Abdolah, who fled Iran in 1985, is an example of an author who grew up along with the company. Visser founded De Geus in 1983. His goal was to publish as many male as female authors, and to publish authors from many different cultures (“multicultural”, as the Dutch are fond of saying). Visser has published both Le Clezio and Herta Mueller from the start of their careers. “Ten years ago, we used to speak to forty book buyers from the high quality bookstore chains, like Selexyz. Now we speak to maybe six, and they are under increasing pressure to be selective. Oddly, we see a new trend that our books get good pick-up from the AKO and Bruna, the more ‘accessible’ chains that can be found in railway stations and airports -– probably because our books are recognizable. We’re also a favorite of independent bookstores, again because of our focus.”

In the US and UK it’s quite common for an author to begin his or her career at an independent publisher and get scooped up later by a big house. One recent example is Benjamin Percy: his first two books were published by Graywolf Press and his new novel was just bought by Grand Central, part of the Hachette Group. Similarly, in the Netherlands, Tommy Wieringa had his breakthrough with Joe Speedboat at De Bezige Bij, after beginning his career at In de Knipscheer. But smaller publishers aren’t necessarily seen as a breeding ground, and there certainly isn’t the quiet acceptance of American and British smaller publishers when authors move.

Paul Sebes, one of the few primary agents in the Netherlands, mentioned to me how he once moved an author from a small indie house to a big publisher. “That first publisher was furious and has been mad at me for at least eight years!”

For anyone who’s followed Dutch publishing, it’s evident that during the last few years there have been numerous mergers and acquisitions among the large groups. PCM has ceased to exist and only recently Foreign Media Group (mother company of Foreign Media Books) was declared bankrupt, and its book division sold to Dutch Media Group. In that respect, it must seem like bliss to be independent…


Mai Spijkers of Prometheus

Mai Spijkers is someone who has experienced both. He founded Prometheus in 1991, after having worked at Bert Bakker for many years. Shortly after, the two houses joined forces. They became part of PCM, until three years ago when Spijkers bought Prometheus/Bert Bakker. He is thrilled to be independent again.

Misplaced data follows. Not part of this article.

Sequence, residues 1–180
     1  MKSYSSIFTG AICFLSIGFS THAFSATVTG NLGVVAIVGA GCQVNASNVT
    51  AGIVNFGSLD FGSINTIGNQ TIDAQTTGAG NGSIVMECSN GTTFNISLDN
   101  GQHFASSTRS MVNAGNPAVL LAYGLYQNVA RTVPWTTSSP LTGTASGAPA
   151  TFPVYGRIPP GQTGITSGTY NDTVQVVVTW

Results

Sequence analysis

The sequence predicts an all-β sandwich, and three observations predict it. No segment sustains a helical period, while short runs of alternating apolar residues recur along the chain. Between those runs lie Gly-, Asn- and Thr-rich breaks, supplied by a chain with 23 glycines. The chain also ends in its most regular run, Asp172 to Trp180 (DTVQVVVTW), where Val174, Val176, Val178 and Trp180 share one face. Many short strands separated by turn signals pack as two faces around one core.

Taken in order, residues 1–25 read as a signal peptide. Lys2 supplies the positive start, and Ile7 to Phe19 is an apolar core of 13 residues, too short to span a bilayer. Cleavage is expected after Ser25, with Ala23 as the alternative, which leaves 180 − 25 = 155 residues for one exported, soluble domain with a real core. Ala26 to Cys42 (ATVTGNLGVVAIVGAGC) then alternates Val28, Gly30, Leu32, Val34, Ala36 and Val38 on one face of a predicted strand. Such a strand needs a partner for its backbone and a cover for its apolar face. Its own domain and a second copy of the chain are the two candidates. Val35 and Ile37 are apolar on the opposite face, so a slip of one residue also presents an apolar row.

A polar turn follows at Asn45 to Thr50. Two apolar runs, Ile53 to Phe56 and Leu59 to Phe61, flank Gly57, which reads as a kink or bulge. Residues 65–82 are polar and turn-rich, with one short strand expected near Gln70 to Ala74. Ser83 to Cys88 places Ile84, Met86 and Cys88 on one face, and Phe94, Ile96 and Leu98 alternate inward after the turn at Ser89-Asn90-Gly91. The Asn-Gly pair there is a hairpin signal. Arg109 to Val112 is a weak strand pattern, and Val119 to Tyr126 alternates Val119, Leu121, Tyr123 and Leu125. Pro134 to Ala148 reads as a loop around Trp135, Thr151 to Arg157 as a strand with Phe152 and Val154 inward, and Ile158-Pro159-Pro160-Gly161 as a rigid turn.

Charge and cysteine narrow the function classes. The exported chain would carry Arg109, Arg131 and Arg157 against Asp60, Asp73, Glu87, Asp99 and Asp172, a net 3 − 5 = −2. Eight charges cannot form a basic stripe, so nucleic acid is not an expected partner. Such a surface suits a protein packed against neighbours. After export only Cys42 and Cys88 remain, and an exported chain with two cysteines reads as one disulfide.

“It’s motivating and inspiring to be solely responsible,” he said. “Less meetings, less pressure from ‘above’ and I can focus on what I love: to acquire and publish books. We’ve prospered since we became independent. We’ve focused more on Dutch authors and have had great success with Franca Treur whose novel has been on the bestseller list for 35 weeks now. Ultimately, I don’t know that it makes a difference whether you’re independent or not. It might be a matter of size, smaller publishers resemble smaller imprints.”

I suddenly think of Herman Koch who was published modestly with small publisher Augustus (of VBK). He moved over to bigger publisher Ambo Anthos (also VBK) with his most recent novel, The Dinner. It immediately landed on the bestseller list where it has been for 90 weeks now. Translation rights were sold in 16 countries.

Indies Increasingly Attractive

Both Joost Nijsen and Eric Visser noted that more authors are opting to work with independent publishers. “Recently we welcomed an author who’d published two novels and had worked with four different editors,” said Nijsen.

Visser added, “We offer a strong identity. We are based in Breda and far away from the publishing crowd in Amsterdam. Our authors can use a writer’s space, and we organize events for translators to discuss their work. We have everything in-house and we’ve worked with the same team for many years, which is reassuring and appealing.”

Nijsen is confident for the future. “Ten years ago, everybody announced that independent publishing would disappear,”he said. “But we’re lean and mean, and can change course more easily. I predict that it will become easier for smaller publishers to distinguish themselves and publish big authors.”

The Future of Indies

It’s public knowledge that Nijsen had been approached to become Robbert Ammerlaan’s successor at De Bezige Bij. They’re still looking. Likewise, Visser has been asked to sell De Geus, but has politely declined. “We’re doing well and there’s no way I’d sell De Geus.” Spijkers, too, is thriving in his role at Prometheus.

Given the tough market, the independents hold up nicely. Of course, even the “big” Dutch publishers aren’t the mammoths that US or UK publishers tend to be, so it’s less urgent to join forces or partner with other independent houses to survive. Independent publishers can do as well or better than houses within a conglomerate –- something that is in line with the Dutch sentiment that bigger isn’t always better.

DISCUSS: Do Conglomerates Still Have Advantages Over the Independent Publishers?

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Guest contributors to Publishing Perspectives have diverse backgrounds in publishing, media and technology. They live across the globe and bring unique, first-hand experience to their writing.